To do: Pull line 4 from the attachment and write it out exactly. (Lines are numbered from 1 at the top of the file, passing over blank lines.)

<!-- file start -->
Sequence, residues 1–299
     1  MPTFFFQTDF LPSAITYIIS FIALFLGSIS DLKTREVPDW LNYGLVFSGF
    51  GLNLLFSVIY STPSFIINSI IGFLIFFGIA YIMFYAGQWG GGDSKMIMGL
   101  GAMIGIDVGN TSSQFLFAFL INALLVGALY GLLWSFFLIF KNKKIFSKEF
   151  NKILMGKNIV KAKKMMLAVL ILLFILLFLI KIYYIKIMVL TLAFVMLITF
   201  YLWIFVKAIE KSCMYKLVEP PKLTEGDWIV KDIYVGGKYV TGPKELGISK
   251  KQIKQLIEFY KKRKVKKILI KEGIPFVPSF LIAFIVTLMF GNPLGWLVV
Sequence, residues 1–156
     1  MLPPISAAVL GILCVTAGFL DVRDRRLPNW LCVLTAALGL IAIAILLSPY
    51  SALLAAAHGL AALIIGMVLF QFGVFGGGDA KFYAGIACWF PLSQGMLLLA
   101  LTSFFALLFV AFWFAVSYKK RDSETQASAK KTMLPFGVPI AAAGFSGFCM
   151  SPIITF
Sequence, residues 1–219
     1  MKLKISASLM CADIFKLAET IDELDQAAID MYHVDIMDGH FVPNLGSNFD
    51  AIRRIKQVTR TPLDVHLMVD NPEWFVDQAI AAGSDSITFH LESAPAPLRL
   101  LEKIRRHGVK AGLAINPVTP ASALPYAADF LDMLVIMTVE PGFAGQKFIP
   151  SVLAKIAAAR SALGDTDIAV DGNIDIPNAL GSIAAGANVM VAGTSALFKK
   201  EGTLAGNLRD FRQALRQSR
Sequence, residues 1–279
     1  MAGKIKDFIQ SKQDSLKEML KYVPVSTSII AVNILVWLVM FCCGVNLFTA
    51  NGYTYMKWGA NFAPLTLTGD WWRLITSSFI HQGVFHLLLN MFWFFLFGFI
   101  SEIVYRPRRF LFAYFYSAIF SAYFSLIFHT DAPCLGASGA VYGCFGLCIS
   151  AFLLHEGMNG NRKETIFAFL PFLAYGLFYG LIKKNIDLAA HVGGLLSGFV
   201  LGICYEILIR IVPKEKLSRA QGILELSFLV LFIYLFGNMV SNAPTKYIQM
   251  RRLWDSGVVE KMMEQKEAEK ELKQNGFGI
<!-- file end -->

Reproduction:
   101  GAMIGIDVGN TSSQFLFAFL INALLVGALY GLLWSFFLIF KNKKIFSKEF